Wheal Luna is a very early example of an open cast tin mine in the coastal village of St Agnes. Overlooking the remains of the old harbour, very little information remains of this old workings. 

First records of this mine date from 1528, documented as Whele Linna or Wheal Linna. The name probably comes from ‘wheal’ meaning work and ‘lyn’ meaning bay or cove. 

The mine was working in 1724 and 1782, although the tin bounds were often split between several owners.

At some point it was very likely amalgamated as part of Polberro, a much larger and very rich neighbour. Underground, some of the workings were linked. 

Also along the footpath are the remains of a quarry, which may have been used for mine materials, and was likely reused at a later date. Parallel with the main mine section, on the other side of the coastpath, is a fenced off section of stoping that opened up again in 1993. It is unclear whether this was definitely part of Wheal Luna, but given its proximity, it is likely related. 

Travelling across the top of the open section of workings can be seen a concrete launder. This is from a later reworking of the area and probably came Polberro mine further inland, carrying waste water from its 1940’s mill out over the cliff.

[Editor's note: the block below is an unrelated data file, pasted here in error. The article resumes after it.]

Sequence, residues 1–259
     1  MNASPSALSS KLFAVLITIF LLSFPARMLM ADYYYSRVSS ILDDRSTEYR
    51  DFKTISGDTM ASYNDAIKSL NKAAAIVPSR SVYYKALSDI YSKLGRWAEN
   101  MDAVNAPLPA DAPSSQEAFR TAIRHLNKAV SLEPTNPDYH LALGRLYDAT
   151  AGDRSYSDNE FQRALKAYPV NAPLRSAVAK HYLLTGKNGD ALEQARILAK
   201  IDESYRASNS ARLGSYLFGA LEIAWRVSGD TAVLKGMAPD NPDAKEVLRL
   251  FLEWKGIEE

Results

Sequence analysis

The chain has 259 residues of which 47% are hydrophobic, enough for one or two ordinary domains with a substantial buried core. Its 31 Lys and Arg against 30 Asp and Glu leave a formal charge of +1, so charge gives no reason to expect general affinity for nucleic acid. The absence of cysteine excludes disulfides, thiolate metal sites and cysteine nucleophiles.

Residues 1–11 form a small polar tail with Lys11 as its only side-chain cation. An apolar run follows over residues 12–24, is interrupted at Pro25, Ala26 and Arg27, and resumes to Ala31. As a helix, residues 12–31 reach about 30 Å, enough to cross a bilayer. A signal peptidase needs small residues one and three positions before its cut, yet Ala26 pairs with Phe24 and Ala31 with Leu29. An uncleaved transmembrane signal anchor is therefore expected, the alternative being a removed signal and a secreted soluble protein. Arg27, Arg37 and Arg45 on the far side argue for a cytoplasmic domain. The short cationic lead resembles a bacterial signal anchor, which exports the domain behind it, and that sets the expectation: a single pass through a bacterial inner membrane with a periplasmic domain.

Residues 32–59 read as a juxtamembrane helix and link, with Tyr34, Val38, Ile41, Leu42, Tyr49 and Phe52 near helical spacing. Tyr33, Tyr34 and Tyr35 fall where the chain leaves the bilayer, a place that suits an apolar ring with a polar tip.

Wheal Luna and its surrounds are very unstable and not safe to approach. A fence bars entry from the path at the bottom of the cliff, but there is no barrier along the higher sides. None of this has been consolidated or made safe in any way, so keep a wide berth and appreciate it from a distance. 

There are several car parks through out the village. 

Hamilton-Jenkin, A. K. (1962) Mines and Miners of Cornwall: II St Agnes & Perranporth. Truro: Truro Bookshop.

Johns, C. (2000) Trevaunance Cove, St Agnes: An Archaeological Assessment Survey. Truro. Available at: http://map.cornwall.gov.uk/reports_event_record/2000/2000R079.pdf (Accessed: 4 January 2020).

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